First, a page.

REGULATIONS have not been effective in protecting the rights of migrant workers, with fees charged by private recruiting firms in the Philippines producing hardship for Overseas Filipino Workers (OFWs), according to the Asian Development Bank (ADB).

“Existing legislation is often inadequate or has loopholes that raise migration costs,” according to an ADB report, Safeguarding the Rights of Asian Migrant Workers from Home to the Workplace.

The bank cited as an example the Philippines where the government allows private employment companies to levy fees on workers.

“High recruitment costs lead to indebtedness and wage deductions,” read the report.

According to ADB, going to the Middle East takes about a month’s worth of a wages while recruitment costs account for half the migration costs of OFWs heading to Qatar.

“Limited capacity and insufficient allocation of resources also contribute to ineffective enforcement in countries of origin,” said ADB.

It was also found that while there has been legislation against imposing fees on domestic workers in the Philippines, these are not well-implemented.

“While zero fees and cost legislation is a necessary first step, enforcement is key, and has been uneven,” according to the report.

According to the international lender, malpractice in recruitment is also due to the lack of organization and empowerment of low-skilled workers.

“There are hardly any effective organizations to represent their interests, and many workers may not be aware of their rights under employment contracts,” read the report.

Lack of resources and the absence of needed documents such as receipts to prove payment hinder migrant workers from taking their employers to court.

Limited information and evidence of the effective implementation of agreements between countries hound the migration practices.

“…the continuing stories of abuse of domestic workers from countries that have bilateral agreements with Saudi Arabia casts doubt on the effectiveness of agreements,” ADB said.

Saudi Arabia took in the most OFWs among the Gulf Cooperation Council Countries (GCCs), bringing the total migrant Filipinos in the Middle East to 896,000 in 2015.

According to the bank, the Philippines provides accountability rules for both private recruitment agencies and foreign employers for contract violations.

“In practice, however, while local recruitment agencies have been held accountable, foreign employers have not,” read the report.

The bank backs an end to worker-paid recruitment fees and costs.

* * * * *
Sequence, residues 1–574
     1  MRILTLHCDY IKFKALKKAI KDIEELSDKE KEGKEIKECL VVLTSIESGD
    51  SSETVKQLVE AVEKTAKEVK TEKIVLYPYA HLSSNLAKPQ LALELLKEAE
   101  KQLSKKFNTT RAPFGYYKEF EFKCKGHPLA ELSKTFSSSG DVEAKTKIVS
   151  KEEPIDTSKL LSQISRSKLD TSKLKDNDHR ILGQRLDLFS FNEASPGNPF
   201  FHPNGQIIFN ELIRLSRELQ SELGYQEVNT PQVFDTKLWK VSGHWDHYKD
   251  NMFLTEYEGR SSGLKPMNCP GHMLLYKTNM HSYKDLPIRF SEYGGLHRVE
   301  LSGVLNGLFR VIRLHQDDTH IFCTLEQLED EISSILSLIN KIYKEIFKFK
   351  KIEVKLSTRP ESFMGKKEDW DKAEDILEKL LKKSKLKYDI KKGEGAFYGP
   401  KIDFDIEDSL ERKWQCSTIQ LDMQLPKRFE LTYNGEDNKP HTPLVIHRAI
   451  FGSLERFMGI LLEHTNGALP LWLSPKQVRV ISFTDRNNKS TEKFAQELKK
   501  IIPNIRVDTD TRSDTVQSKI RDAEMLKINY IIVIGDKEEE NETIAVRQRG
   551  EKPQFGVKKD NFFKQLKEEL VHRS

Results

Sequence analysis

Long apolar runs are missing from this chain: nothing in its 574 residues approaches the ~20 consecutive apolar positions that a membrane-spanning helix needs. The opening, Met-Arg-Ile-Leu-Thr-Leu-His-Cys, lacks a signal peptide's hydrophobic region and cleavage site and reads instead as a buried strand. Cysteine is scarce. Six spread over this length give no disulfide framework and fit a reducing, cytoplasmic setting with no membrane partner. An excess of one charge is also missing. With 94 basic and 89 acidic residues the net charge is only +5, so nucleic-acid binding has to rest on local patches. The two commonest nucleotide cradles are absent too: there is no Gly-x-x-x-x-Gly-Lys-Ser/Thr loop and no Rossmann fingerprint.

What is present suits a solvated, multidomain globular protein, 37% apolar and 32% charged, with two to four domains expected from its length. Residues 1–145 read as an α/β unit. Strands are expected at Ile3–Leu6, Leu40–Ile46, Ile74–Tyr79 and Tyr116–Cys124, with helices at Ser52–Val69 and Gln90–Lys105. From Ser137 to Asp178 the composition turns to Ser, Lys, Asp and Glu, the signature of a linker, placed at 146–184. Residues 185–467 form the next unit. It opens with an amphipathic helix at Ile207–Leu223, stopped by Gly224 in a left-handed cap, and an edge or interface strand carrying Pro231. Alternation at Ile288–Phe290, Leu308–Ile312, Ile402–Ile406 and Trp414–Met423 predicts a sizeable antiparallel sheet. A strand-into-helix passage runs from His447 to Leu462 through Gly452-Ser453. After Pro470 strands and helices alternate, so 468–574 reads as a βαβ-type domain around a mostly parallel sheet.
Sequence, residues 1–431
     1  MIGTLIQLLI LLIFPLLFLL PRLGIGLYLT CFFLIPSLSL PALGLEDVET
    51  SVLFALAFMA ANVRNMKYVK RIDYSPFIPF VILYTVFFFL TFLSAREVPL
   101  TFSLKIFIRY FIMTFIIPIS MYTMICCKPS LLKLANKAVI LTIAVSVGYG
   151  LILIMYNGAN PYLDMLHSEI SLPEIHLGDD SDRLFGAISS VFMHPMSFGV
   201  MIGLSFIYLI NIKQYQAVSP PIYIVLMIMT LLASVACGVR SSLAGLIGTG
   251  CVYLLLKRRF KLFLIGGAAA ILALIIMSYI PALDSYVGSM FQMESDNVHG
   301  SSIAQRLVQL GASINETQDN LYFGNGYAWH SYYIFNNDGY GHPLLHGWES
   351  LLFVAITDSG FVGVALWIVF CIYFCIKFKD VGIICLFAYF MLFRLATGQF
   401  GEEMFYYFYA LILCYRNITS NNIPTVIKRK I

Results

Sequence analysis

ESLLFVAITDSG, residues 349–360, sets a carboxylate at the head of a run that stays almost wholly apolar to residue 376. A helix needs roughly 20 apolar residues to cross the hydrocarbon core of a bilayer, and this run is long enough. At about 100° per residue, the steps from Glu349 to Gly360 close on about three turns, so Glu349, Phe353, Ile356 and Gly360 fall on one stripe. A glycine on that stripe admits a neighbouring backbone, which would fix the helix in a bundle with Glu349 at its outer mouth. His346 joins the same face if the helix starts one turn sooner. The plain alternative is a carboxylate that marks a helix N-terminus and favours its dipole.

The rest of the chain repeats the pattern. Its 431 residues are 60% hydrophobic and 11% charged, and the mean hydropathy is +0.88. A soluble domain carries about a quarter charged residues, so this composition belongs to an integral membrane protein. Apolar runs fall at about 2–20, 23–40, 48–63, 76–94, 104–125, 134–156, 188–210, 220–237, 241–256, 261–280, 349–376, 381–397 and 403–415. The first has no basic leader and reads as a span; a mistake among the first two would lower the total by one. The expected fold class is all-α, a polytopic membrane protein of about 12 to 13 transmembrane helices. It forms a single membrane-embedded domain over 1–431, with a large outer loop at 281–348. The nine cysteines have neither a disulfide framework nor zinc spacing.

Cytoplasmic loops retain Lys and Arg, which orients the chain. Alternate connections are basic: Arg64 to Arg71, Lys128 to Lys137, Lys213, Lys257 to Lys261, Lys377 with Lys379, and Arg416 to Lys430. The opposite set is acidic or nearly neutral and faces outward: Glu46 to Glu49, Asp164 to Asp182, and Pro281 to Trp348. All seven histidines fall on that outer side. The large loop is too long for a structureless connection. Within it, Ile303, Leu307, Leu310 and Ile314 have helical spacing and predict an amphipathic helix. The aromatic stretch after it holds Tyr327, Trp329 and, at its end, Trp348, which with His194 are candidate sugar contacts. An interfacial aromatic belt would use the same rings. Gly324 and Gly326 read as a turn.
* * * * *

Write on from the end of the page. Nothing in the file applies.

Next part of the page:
The government must also subsidize recruitment costs as “e-based recruitment, either through state-funded or private sector portals, also minimizes the number of intermediaries involved. Direct recruitment can take place by accredited or screened employers.”

ADB also suggested simplifying immigration rules and “vacancy-driven recruitment.”

“Free or freer movement of labor reduces costs,” said ADB, adding that “recruitment should always be tied to actual job vacancies.”

There must also be efforts to improve regulation as “government regulations can be supplemented by both industry self-regulation and monitoring by trade unions and civil society organizations.”

ADB added that migrant workers must be empowered by trade unions, migrant associations and civil society organizations through services which would help them take hold of their rights, especially in the filing of legal cases for recruitment — or employment-related abuses.

“Beyond services delivery, however, migrant workers should be empowered to represent their own interests and to safeguard their rights through migrant associations and trade unions,” said the lender.

The Philippines has been exporting the most migrant workers among Asian countries over the last seven years beginning 2009 with more than 1.4 million OFWs abroad in 2015.

Second to the Philippines in 2015 is Pakistan, followed by India, Bangladesh, the People’s Republic of China, Nepal, Indonesia, Sri Lanka and Vietnam. By Danica M. Uy, 24 Feb 2017

The views and opinions expressed in this article do not necessarily reflect the official policy or position of the ASEAN Trade Union Council.